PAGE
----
The human gut microbiota has become a novel therapeutic target for treatment of gut disorders. A recent study in New Zealand evaluates whether high or low habitual fiber intake affects the impact of a prebiotic on the gut microbiome.
The human gut microbiota, the population of microorganisms living in our intestines, plays an essential role as part of the human immune system. A perturbed, or “unhealthy”, gut microbiome contributes to gut disorders including metabolic syndromes, liver disease, inflammatory bowel syndrome, and colorectal cancer. Further, diet largely contributes to the abundances and diversity of the microorganisms inhabiting the gut. The gut microbiome has become an attractive therapeutic target for diseases as it plays a critical role in human health and can be conveniently treated by dietary intervention.
The relative abundance of microorganisms and level of microbiome diversity varies significantly between individuals due to factors such as genetics, life stage, geographical location, sex, and use of antibiotics. These factors elicit variable responses to microbiota-targeted therapeutic interventions among individuals. Therapeutics need to be effective, safe, and predictable; therefore, we need to understand factors that influence the human gut microbiome and its responsiveness to intervention.
In a study published in the British Journal of Nutrition, researchers assess how habitual low fiber versus high fiber diets affect the gut microbiota and its response to an inulin-type fructan prebiotic. A prebiotic is an indigestible food product that supports the beneficial microorganisms in the gut. Inulin-type fructan is a type of fiber found in many plants that cannot be digested by the small intestine, so it continues to the lower gut where it is a food source for beneficial gut microbiota. Bacteria convert the prebiotic to short-chain fatty acids that benefit gut health.
In this study, which took place in New Zealand, the researchers were interested in determining how dietary fiber intake influences the gut microbiome and how the gut microbiota responds to inulin-type fructan prebiotic.The study participants were sorted into two groups based on whether they had high or low fiber diets. Each participant received either an inulin-type fructan prebiotic or a placebo every day for three weeks and their responses to this dietary intervention were assessed.
Fiber Intake Predicted Response to a Prebiotic
The researchers found that the gut microbiota responded differently to the prebiotic, and this response was strongly associated with the participants’ fiber intake. The participants with habitual low fiber diets had gut microbiota that was more resilient to change and therefore less responsive to the benefits and side effects of the prebiotic. The gut microbiomes of the participants with habitual high fiber diets experienced significant changes in the relative abundances of many bacterial genera, including the genus Faecalibacterium. The habitual high fiber diet group also experienced increased side effects including moderate flatulence and increased benefits including decreased appetite. Interestingly, the Faecalibacteriumspecies produce butyrate which regulates appetite-associated hormones and carbon dioxide which causes flatulence. This suggests that perhaps the participants with high fiber diets have gut microbiota that are less resilient and therefore the prebiotic has a larger effect.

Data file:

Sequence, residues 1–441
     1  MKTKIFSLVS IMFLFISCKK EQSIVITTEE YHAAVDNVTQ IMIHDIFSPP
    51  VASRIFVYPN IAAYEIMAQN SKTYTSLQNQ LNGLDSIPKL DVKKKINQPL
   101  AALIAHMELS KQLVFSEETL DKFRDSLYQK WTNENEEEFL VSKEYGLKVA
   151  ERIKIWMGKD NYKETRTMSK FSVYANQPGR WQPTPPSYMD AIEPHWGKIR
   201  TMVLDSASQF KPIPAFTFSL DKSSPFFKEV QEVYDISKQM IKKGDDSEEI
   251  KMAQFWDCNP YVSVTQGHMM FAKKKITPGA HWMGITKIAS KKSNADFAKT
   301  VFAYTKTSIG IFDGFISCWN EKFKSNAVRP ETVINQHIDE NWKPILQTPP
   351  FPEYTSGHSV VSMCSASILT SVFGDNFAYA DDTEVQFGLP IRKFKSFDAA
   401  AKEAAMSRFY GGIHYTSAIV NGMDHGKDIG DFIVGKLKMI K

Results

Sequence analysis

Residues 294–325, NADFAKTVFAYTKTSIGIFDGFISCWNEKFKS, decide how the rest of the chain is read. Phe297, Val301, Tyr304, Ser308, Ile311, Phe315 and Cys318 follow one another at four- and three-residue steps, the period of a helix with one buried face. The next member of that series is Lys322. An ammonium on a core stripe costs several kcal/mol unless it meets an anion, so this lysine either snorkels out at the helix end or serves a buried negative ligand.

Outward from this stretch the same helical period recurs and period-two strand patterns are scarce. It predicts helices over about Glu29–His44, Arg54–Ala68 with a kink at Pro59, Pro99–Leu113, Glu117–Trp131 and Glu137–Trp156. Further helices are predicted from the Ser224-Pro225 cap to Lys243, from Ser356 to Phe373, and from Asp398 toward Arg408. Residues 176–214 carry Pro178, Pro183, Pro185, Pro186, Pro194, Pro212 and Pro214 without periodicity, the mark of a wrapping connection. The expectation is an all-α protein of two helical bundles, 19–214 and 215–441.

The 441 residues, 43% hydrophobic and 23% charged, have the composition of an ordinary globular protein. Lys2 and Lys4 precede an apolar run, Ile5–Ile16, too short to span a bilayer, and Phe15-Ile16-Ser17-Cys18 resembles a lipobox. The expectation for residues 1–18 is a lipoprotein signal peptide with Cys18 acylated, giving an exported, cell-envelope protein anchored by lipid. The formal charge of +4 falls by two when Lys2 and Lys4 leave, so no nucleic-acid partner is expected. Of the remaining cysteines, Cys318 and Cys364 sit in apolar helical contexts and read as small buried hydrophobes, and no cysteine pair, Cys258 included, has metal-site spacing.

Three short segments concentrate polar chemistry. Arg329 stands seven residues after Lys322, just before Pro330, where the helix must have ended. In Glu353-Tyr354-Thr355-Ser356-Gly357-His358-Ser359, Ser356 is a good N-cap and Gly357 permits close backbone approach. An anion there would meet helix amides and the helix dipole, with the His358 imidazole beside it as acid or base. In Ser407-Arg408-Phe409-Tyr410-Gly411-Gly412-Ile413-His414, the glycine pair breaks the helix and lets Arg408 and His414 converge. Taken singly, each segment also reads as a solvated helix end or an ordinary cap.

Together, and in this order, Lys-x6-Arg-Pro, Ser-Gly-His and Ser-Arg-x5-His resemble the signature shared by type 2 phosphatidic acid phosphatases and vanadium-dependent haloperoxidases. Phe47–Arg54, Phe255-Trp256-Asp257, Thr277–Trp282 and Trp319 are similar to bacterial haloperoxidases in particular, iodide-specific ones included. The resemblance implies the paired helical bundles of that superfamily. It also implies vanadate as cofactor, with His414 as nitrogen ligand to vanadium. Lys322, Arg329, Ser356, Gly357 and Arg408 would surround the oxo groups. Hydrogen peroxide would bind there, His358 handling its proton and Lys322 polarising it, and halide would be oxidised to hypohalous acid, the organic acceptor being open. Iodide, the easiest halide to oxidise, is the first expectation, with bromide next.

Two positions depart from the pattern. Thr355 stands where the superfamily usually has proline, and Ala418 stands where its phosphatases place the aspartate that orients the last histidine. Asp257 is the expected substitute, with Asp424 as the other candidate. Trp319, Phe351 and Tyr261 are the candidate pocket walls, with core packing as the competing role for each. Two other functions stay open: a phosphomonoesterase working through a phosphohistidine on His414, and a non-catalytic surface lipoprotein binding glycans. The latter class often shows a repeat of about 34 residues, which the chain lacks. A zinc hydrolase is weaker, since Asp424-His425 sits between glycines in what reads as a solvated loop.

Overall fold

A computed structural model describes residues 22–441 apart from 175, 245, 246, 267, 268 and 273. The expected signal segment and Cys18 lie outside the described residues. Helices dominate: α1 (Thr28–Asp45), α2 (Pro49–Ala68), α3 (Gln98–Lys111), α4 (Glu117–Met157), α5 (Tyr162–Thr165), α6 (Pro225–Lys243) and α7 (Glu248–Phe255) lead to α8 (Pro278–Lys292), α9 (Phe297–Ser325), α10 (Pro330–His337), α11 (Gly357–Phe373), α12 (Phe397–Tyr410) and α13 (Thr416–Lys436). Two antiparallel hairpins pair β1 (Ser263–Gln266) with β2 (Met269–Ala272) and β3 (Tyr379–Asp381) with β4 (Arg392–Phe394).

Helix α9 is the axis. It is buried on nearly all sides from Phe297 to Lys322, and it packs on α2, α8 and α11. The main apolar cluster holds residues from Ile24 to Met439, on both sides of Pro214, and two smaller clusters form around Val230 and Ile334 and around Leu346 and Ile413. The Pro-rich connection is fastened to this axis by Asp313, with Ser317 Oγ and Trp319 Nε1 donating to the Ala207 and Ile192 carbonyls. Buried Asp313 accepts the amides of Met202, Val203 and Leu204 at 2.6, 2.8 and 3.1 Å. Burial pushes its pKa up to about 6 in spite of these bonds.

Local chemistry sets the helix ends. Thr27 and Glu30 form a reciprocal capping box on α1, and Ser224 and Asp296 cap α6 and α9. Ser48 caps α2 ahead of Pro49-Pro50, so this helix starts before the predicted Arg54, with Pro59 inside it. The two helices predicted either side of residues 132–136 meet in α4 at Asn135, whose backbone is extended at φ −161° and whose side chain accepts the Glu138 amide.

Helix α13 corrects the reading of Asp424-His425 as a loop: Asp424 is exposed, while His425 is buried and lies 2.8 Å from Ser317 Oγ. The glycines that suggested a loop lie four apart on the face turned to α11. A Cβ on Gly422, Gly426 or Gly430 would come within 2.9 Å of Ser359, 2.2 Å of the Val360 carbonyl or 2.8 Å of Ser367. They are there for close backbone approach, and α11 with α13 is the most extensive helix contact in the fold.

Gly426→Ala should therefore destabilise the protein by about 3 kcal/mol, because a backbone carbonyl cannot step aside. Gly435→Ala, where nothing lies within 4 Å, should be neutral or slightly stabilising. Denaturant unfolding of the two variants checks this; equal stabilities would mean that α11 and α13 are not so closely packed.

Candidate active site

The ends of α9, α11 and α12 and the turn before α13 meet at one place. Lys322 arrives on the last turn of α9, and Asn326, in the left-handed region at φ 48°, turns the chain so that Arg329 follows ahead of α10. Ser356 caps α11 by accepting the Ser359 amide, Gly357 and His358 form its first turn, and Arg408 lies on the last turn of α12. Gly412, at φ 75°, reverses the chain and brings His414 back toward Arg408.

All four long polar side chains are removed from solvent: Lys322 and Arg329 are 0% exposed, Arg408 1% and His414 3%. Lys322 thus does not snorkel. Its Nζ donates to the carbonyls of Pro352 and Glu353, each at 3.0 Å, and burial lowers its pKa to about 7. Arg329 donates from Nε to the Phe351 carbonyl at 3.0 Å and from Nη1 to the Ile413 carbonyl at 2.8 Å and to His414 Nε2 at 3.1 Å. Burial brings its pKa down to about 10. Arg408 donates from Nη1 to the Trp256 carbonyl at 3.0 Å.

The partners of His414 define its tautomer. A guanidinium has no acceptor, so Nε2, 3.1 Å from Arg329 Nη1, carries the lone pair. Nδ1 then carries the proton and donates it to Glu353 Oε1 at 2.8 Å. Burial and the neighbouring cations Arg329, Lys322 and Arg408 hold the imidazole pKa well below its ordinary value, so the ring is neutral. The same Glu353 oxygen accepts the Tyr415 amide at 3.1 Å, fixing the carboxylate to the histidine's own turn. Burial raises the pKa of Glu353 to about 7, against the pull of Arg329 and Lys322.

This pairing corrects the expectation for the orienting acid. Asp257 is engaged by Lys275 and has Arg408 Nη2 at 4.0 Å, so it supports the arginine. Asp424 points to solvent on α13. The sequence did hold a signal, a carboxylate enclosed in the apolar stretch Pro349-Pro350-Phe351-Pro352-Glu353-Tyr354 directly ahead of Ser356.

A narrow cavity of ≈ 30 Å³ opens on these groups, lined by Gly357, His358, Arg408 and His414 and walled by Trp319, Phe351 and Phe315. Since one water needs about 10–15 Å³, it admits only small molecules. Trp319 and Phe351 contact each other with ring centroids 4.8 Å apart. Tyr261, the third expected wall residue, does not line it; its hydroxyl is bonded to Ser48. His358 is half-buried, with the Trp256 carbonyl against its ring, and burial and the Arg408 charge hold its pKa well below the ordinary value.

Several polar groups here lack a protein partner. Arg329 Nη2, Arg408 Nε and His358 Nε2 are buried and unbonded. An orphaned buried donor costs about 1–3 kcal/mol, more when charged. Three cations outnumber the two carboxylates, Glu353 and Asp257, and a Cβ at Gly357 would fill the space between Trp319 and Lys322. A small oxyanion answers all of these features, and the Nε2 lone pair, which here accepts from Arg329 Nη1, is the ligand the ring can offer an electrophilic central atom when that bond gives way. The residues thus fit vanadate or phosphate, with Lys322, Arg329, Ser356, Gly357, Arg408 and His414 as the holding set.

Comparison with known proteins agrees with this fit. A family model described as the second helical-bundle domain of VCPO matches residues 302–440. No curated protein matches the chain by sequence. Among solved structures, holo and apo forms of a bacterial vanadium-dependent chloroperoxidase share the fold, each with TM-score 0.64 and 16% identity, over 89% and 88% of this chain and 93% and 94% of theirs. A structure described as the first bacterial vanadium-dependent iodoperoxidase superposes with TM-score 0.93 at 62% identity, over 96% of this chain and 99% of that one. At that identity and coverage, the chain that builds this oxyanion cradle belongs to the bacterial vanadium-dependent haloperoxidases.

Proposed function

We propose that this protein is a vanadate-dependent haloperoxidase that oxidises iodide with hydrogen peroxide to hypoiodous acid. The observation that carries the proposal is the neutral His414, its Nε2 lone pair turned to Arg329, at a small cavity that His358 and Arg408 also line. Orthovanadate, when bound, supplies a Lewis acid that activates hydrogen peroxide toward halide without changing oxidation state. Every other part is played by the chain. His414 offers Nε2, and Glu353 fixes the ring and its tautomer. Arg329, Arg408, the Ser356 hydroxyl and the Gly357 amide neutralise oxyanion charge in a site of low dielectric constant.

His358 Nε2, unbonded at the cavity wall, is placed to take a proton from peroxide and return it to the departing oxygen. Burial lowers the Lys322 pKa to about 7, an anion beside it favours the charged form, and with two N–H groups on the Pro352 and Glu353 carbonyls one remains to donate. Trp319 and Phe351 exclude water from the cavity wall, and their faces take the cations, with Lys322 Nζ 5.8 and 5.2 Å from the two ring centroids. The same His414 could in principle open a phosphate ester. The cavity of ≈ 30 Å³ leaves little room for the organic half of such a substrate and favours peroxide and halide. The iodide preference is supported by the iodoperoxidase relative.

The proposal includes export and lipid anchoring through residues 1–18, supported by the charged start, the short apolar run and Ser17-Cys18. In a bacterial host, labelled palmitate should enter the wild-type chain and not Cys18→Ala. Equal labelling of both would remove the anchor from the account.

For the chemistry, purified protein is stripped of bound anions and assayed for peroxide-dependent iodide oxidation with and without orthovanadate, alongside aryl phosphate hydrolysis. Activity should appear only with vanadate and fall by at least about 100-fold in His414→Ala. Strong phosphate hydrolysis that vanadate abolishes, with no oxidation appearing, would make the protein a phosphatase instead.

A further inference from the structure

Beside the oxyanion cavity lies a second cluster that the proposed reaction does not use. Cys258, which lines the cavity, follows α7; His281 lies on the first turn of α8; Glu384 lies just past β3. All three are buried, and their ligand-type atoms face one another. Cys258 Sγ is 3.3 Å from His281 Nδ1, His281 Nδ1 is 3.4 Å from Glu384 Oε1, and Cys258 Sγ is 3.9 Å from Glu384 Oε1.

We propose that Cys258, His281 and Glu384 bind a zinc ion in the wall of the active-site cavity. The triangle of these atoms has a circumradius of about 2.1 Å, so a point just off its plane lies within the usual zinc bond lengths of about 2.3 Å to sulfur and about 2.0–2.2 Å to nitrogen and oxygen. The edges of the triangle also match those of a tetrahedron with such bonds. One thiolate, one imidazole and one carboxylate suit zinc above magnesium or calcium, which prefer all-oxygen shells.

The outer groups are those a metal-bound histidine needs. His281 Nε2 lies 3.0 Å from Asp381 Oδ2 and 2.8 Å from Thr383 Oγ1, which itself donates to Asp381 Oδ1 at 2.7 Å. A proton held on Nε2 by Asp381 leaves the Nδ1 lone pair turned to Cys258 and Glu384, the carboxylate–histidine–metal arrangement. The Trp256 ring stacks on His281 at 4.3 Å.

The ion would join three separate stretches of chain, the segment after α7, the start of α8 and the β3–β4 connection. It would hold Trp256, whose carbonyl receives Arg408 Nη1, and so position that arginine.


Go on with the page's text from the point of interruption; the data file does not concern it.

As demonstrated by this study, it is important to understand how factors including diet, genetics, age, and environment affect an individual’s gut microbiota. The individuals were all administered the same prebiotic, yet the response by the gut microbiota varied depending on the individual’s fiber intake. Future clinical trials should ensure that all factors affecting an individual’s microbiome are considered, as conclusions made from trials may vary depending on the cohort studied. Further, this study demonstrates that it is difficult to predict how the gut microbiota will respond to dietary interventions, and to target the gut microbiota effectively we need to better understand the factors contributing to inter-individual microbiome variability.
Written by Mallory Wiggans
Reference: Healey G, Murphy R, Butts C, Brough L, Whelan K & Coad J. Habitual dietary fibre intake influences gut microbiota response to an inulin-type fructan prebiotic: a randomized, double-blind, placebo-controlled, cross-over, human intervention study. Br J Nutr(2018). 119, 176–189.